Agenda item

Gwent Regional Partnership Board - Market Stability Report


The Leader presented the report on the Market Stability, which was a statutory document that Welsh Government required each statutory partner to produce on a three yearly cyclical basis. A regional overview report must also be published on the same timescale. Local authorities were required under the Social Services and Wellbeing (Wales) Act 2014 to work in partnership with health boards to produce a regional MSR.


The MSR sets out the extent to which the commissioned services are stable within the region based on local footprints to support people in need of care and support.


The six commissioning organisations in Gwent currently commission 106 care homes and 109 domiciliary care providers for older adults across the region.


Care Homes

Prior to the COVID-19 pandemic, there were few concerns with regards to care home vacancies and the financial viability of providers.  Most providers required at least 90% occupancy to remain financially viable. Care home bed vacancies were monitored on a weekly basis at local and regional levels. However, the COVID-19 pandemic had a significant impact on the provision of care and support in Gwent.


Domiciliary Care

Due to the COVID-19 pandemic and staffing shortages, domiciliary care services were currently at critical levels and at times unable to fully meet demand. Staff continued to leave the sector due to poor pay, terms and conditions and costs of employment (such as driving and registration). In recent months this situation was further exacerbated by the cost-of-living crisis and particularly the rising cost of fuel. Staff shortages increased delayed transfers of care from local hospitals, creating bottlenecks across the wider system.


There was currently an increase in individuals requiring care at home and there was a concern this would continue following the COVID-19 pandemic.  Also of concern was the number of packages of care that were returned to commissioners, over 70 providers returning more than 950 weekly hours per week. This caused commissioners to prioritise the most vulnerable citizens with complex needs.


The Partnership approach with care homes and domiciliary care agencies that was established during the pandemic helped build a positive working relationship with providers to support them to continue to deliver good quality, responsive services during a critical time. It also provided a useful platform to engage providers in messages about infection prevention and control measures and to consider business continuity issues. Seminars continued to be held monthly and were much valued by LA’s, ABUHB and service providers alike.


Children’s Services

Children’s services were currently insufficient to meet the needs of the region in terms of residential services and foster placements. Demand for foster services currently outstripped supply and it was often difficult to source the right type of placement. The lack of appropriate residential services resulted in children being placed out of county and Gwent LA’s were now focussing on increasing capacity through in-house and external developments and investing in preventative services.


A careful balance would need to be struck between ensuring that the right level of services for looked after children were commissioned close to home and to reduce reliance on high profit organisations often far away from people’s homes.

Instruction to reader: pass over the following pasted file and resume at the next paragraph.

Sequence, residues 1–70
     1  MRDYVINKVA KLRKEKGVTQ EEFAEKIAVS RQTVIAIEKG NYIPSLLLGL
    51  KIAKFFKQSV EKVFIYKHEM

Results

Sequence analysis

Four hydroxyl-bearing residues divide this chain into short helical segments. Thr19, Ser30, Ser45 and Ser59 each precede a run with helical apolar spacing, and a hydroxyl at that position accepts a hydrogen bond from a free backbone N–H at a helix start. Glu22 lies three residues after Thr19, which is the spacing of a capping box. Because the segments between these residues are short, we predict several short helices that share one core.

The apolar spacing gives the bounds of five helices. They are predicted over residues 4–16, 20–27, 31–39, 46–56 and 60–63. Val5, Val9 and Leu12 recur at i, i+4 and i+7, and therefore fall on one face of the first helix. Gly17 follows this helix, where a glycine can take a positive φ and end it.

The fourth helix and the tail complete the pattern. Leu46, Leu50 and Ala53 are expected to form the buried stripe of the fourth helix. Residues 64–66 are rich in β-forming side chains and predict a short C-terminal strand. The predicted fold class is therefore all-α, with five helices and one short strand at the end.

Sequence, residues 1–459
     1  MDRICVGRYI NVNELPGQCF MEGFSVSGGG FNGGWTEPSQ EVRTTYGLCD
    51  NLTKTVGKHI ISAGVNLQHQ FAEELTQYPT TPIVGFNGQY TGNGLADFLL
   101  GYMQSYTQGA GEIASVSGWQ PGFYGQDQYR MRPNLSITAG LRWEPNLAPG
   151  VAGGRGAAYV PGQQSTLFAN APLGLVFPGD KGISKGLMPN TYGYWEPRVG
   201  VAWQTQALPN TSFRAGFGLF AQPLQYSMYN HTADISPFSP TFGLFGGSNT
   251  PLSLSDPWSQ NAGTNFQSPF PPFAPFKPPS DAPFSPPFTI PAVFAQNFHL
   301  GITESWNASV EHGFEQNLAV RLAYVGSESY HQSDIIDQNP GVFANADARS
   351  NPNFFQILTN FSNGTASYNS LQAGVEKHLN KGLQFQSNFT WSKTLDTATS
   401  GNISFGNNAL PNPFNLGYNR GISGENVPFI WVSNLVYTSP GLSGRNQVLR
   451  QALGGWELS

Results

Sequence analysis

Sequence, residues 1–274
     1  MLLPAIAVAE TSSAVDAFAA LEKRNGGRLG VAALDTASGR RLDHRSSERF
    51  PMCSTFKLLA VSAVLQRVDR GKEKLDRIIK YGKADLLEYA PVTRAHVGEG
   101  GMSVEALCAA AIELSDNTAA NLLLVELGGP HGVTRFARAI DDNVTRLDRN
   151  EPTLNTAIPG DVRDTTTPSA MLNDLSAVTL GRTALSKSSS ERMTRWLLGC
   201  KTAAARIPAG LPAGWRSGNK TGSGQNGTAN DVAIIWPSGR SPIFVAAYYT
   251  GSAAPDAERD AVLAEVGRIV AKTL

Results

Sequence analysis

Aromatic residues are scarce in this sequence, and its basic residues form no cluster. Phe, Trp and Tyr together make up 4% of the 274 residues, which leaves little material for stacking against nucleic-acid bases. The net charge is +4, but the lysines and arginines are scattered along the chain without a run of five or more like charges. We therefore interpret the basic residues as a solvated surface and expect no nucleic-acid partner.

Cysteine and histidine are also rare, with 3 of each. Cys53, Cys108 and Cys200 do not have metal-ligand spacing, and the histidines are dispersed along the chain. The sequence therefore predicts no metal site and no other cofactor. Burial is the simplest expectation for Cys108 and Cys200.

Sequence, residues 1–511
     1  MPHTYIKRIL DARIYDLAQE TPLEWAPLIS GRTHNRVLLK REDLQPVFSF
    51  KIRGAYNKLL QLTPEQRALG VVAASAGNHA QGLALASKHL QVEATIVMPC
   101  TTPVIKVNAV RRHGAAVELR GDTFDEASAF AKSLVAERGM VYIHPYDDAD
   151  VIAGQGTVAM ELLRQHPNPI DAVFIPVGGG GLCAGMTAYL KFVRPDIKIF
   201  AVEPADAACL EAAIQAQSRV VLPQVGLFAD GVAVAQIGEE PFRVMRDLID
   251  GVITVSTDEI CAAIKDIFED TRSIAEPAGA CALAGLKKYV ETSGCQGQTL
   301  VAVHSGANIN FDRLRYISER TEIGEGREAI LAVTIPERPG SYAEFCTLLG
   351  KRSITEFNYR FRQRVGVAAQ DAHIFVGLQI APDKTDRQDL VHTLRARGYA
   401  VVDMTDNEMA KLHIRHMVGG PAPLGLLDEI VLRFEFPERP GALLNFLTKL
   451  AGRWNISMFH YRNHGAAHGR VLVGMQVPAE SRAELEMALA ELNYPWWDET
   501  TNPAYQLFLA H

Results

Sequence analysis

Mental health and learning disability services

There was a renewed opportunity for the regional team and commissioning organisations to work closely to develop a framework for action and to take forward several key commissioning related activities to further support people at local and regional levels.


The areas summarised above would be picked up and considered as part of the area planning process and where at all possible mitigating measures would be taken to minimise any associate risks.


The MSR was developed alongside our local and regional Population Needs Assessment to ensure targeted action plans.


The report would be discussed across all Members of the Regional Partnership Board and once agreed a priority action plan would be developed.


Comments of Cabinet Members:


§  Councillor Hughes mentioned that as a former social worker, the challenges faced were unprecedented and the impact on staff should not be underestimated by the Council or Cabinet.  The Cabinet Member for Social Services that said that he proud of social care staff and their positive impact and contribution to the residents of Newport.  Councillor Hughes listened to a gathering of Newport City Council social workers earlier that day where they discussed their successes in the prevention inclusion teams, youth justice teams to name a few and the strong partnerships with other agencies.  Reassurances therefore from staff was that they would respond as they always had done in the past when faced with challenges.


§  The Leader agreed with Councillor Hughes’ comments highlighting the work of officers going above and beyond in their duty.


§  Councillor Batrouni made reference to Newport’s population change, which was the fastest growing area in Wales. It was double that of Cardiff and growth of over 90s highlighted that Newport was an ageing city. Consideration should therefore be given on how to structure the services going forward.




That Cabinet -

§  As required under the Social Services and Wellbeing (Wales) Act 2014 (SSWBA) accepted and agreed the Market Stability Report for the local authority area.

§  Newport City Council continued to engage with Regional Partnership Board (RPB) and support the development of the regional Area Plan, where actions would be identified setting out how priorities would be addressed.


Supporting documents: